100 Years Ago
FROM NOVEMBER 1912
Democrats celebrate local, national wins
County Democratic Chairman Levi Belew of Pilot Point issued a call for Denton County Democrats to meet here Friday night to ratify and jollify Democratic victories in the county, state and — for the first time in 20 years — the presidential race.
Gov. Woodrow Wilson of New Jersey carried the county as handily as he did the nation with President Taft and the Republicans narrowly surpassing the Denton County Socialists for second. Former President Theodore Roosevelt’s Progressive (Bull Moose) Party came in fourth.
In county elections, S.H. Hopkins won the race for county judge with 2,299. Republican candidate W.W. Baxter polled 199 and Socialist W.W. Smallwood, 179. For county clerk: Oscar T. Button (Democrat), 2,304; John F. Schmitz (Republican), 198, and A. J. McCurley (Socialist), 182. For sheriff: W.C. Orr (Democrat), 2,302; S.M. Maynard (Republican), 197; L.C. Lincecum (Socialist), 181.
Winners of turkey shoot-off named
In a shoot-off Tuesday, Clifford Witherspoon made the high score, besting Al Henry and Fred Rayzor. Another shoot will be held Thursday afternoon at Hiland Park.
Normal College defeats Pilot Point High, 47-5
With an average of one field goal every one and one-third minutes, the champion North Texas Normal basketball team defeated Pilot Point High by a score of 47 to 5.
From the first minute it was a walk-over for the quick, lithe, well-trained athletes of the college.
The visitors from Pilot Point took their heavy losing with perfectly good humor; the game being absolutely free of wrangling and bad humor, which is somewhat unusual for basketball.
75 Years Ago
FROM NOVEMBER 1937
Turkey market to open
Denton produce men expect the Thanksgiving turkey buying period to open Thursday.
They expect to see a fairly good volume for the local trade, although a light hatch has resulted in 10 percent less turkey than last year. The going price as of yesterday was 12 to 14 cents per pound.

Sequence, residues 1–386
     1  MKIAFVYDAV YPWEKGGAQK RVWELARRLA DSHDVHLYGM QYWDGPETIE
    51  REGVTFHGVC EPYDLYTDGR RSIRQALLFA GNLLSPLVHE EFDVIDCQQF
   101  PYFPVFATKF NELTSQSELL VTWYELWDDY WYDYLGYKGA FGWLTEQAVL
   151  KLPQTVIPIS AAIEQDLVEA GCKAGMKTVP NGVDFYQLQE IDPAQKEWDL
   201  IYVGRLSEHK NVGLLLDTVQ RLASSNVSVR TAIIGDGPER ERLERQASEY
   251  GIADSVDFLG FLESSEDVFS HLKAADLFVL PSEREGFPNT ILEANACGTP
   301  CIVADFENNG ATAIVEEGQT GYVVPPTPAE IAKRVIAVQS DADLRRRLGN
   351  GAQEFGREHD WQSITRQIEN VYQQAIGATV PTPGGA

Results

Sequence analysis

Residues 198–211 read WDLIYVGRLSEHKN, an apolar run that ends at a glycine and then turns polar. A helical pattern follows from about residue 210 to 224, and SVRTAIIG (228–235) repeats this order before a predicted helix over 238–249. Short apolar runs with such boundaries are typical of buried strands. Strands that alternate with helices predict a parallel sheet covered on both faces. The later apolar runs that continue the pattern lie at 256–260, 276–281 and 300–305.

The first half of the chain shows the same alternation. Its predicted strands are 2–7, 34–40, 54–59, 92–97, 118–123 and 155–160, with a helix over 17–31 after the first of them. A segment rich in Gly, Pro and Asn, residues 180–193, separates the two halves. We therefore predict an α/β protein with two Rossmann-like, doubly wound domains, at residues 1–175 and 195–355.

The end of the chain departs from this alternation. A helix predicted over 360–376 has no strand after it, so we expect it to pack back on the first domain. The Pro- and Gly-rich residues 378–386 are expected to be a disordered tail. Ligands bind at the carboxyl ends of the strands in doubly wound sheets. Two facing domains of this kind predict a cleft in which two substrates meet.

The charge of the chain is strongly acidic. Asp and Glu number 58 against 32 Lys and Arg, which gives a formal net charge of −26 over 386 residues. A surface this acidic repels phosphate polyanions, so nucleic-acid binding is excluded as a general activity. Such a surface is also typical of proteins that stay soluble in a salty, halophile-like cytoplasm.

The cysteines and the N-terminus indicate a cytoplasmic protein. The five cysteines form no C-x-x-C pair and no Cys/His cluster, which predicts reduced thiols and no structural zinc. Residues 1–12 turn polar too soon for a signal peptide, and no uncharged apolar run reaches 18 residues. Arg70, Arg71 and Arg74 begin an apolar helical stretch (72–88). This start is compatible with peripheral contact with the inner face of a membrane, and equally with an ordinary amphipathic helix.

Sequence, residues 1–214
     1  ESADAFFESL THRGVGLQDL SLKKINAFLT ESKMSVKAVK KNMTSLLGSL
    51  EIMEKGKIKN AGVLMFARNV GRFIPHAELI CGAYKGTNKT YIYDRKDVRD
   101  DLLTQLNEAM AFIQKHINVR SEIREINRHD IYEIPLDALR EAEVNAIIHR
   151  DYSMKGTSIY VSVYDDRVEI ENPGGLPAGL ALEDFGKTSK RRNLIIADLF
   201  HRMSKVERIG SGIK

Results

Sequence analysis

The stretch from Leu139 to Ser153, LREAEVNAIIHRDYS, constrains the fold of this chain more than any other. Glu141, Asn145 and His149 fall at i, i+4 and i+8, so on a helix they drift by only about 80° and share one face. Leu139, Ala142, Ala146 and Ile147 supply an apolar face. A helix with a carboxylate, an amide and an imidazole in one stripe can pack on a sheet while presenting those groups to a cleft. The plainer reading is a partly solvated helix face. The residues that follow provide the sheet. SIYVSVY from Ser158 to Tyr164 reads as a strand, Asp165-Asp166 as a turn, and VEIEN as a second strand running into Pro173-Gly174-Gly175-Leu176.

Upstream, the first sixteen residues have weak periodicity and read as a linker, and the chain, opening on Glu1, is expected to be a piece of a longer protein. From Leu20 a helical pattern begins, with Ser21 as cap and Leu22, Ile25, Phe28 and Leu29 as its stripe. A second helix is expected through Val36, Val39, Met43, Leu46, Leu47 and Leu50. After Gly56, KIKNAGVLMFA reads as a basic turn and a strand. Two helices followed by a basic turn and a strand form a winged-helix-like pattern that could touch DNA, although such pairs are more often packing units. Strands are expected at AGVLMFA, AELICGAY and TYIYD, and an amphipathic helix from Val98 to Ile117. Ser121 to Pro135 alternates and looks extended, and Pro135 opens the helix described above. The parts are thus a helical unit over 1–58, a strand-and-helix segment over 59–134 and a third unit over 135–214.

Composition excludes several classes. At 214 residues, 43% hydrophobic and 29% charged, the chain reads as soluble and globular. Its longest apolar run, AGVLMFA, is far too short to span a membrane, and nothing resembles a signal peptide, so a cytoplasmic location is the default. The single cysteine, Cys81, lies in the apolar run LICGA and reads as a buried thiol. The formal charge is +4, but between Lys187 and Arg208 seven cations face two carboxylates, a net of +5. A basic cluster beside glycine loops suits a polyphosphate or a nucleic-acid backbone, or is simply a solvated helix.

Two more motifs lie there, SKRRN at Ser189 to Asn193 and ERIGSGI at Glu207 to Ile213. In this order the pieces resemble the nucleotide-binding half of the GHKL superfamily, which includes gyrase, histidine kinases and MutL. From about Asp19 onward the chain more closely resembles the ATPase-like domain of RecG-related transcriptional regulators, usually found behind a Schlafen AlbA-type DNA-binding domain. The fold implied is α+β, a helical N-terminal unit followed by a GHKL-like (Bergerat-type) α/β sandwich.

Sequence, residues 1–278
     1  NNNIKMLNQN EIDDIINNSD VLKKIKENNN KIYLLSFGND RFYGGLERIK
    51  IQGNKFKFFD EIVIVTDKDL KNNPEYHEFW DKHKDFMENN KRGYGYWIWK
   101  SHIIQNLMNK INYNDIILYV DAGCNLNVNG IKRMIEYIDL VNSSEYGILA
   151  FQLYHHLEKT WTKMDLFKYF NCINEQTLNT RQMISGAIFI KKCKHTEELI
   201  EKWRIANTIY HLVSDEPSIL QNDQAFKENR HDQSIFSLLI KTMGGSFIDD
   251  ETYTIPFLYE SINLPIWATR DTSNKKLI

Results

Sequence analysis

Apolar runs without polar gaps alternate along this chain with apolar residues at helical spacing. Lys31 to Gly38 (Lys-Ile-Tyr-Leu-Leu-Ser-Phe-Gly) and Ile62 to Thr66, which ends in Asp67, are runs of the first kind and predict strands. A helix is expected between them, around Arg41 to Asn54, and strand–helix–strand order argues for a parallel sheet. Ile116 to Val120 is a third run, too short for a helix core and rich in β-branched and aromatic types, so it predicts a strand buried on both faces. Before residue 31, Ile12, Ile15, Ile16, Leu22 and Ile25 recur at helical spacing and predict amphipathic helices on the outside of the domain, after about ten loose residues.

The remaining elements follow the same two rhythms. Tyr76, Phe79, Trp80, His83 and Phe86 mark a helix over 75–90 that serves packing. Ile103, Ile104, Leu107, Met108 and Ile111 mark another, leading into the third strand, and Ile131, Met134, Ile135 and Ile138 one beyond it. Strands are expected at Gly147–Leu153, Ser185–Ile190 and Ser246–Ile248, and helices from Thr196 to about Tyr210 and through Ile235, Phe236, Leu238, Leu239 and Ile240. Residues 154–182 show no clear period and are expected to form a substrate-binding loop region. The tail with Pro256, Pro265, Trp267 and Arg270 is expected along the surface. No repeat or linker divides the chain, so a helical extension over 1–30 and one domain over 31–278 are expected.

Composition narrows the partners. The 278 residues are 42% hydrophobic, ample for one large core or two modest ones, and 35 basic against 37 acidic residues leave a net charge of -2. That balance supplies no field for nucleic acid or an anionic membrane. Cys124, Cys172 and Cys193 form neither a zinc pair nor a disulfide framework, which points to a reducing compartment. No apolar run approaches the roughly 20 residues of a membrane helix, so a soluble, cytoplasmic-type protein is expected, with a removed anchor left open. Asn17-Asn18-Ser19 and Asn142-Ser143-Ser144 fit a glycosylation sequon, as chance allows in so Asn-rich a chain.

E.A. Nall at the turkey plant has jobs available for turkey pickers.
Required driver’s license tests starting
Drivers applying for driver’s licenses after Nov. 15 will find skilled examiners asking about their driving habits and ability.
On that date, trained examiners will start enforcing the new state law requiring physical and driving tests designed to keep from the roads inept drivers blamed by many for increasing roadside deaths.
In addition, vehicles used by the applicant must undergo examination for proper horn, brakes, lights and windshield wipers.
Minimum age requirements for a private operators license is 14 with signed consent of a judge or legal guardian. Otherwise, it is 16.
Daily tests will be given in Dallas and Fort Worth. Tests will be given in Denton one day each week.
Lord Marley to discuss international issues
The distinguished British statesman Lord Marley will discuss “America and the Pacific — Is the Future with Japan?” at his lecture in the Texas State College for Women auditorium Wednesday night.
A member of the House of Lords, Lord Marley will discuss Japan’s search for markets and raw materials, China as her goal; the threat to other foreign trade with China; Russia’s attitude on the situation; the present trend in Manchuria and North China and the relation of all this to America.
Grocers close early for Armistice Day
Denton grocery stores will close at noon Thursday to give employees a half holiday in observance of Armistice Day, W.E. Mann, Retail Merchants Association secretary, announced today.
The grocers joined in an appeal that Denton housewives order their groceries as early as possible Thursday so that the day’s business may be transacted by noon.
Many businesses have announced they will be closed all day for the observance and others may join the grocers in half-day closings.
50 Years Ago
FROM NOVEMBER 1962
Event to honor retiring banker R.M. Barns